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"Agenda" <vs> "ulterior motive" Options
JessiWan
Posted: Monday, April 19, 2021 6:30:19 PM
Rank: Newbie

Joined: 4/16/2021
Posts: 20
Neurons: 64
Hello. I think that these two terms, "agenda" and "ulterior motive", are very similar, right? Just wondering if there is any difference or if they are completely interchangeable.

Context: Mark puts his cards on the table. He has no agenda.

Context 2: Mary is not usually the type to help people out financially. So when she said she would loan me the money, I thought that she must have some ulterior motives for doing so.

Thanks.
FounDit
Posted: Tuesday, April 20, 2021 12:25:29 AM

Rank: Advanced Member

Joined: 9/19/2011
Posts: 15,996
Neurons: 76,374
JessiWan wrote:
Hello. I think that these two terms, "agenda" and "ulterior motive", are very similar, right? Just wondering if there is any difference or if they are completely interchangeable.

Context: Mark puts his cards on the table. He has no agenda.

Context 2: Mary is not usually the type to help people out financially. So when she said she would loan me the money, I thought that she must have some ulterior motives for doing so.

Thanks.


An "ulterior motive" is commonly understood to mean something hidden, or deceptive. "Agenda" can also have this meaning, but the remainder of the sentence has to make that usage clear (usually said as a "hidden agenda"). Without that, "agenda" is simply a list of things to address, or accomplish, usually in a meeting.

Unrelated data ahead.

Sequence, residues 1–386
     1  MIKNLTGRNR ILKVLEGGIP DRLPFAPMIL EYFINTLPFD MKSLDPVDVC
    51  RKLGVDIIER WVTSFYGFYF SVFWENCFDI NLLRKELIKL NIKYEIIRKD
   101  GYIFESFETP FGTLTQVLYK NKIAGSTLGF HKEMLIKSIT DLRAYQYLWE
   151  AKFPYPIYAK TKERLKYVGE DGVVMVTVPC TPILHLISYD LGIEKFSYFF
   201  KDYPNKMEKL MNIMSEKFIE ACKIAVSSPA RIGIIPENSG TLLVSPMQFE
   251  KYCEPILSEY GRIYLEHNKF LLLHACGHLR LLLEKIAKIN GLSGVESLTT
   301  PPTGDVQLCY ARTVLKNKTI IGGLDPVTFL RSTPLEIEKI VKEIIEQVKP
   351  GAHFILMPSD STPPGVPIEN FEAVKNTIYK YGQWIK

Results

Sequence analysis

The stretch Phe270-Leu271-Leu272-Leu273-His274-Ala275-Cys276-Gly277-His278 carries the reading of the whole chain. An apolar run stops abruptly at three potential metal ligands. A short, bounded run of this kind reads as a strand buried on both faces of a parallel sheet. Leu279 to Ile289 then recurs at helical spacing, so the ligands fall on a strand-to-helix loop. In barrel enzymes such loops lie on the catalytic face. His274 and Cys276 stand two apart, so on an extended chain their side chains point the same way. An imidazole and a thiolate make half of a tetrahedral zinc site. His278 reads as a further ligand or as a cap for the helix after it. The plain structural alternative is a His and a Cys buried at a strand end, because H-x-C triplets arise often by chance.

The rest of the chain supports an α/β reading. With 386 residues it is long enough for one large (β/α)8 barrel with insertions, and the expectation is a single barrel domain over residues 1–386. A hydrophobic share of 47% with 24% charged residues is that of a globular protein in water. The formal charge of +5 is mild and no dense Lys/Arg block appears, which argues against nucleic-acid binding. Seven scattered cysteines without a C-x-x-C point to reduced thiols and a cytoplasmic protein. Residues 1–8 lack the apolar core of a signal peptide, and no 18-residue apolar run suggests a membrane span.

Drag0nspeaker
Posted: Tuesday, April 20, 2021 6:15:14 PM

Rank: Advanced Member

Joined: 9/12/2011
Posts: 35,277
Neurons: 241,541
Location: Livingston, Scotland, United Kingdom
Yes - it's the same in Britain, and "non-American" English.

"Agenda" is simply the plan or program of various things which will happen in a period of time. A meeting in business usually has an agenda."In this meeting we'll be discussing the reorganisation of the Finance Department and the new contracts expected in the next three months." That is the agenda - if anyone wants to discuss something else, they need to ask the Chair to add it at the end, if there's time.

An "ulterior motive" is sometimes called a "hidden agenda" - the person has a plan (for his/her own benefit) which they havent told the other people involved.

In casual speech, some people just say "He has an agenda."

As has been said - "Everyone has an agenda - whether he or she is honest about it or not."
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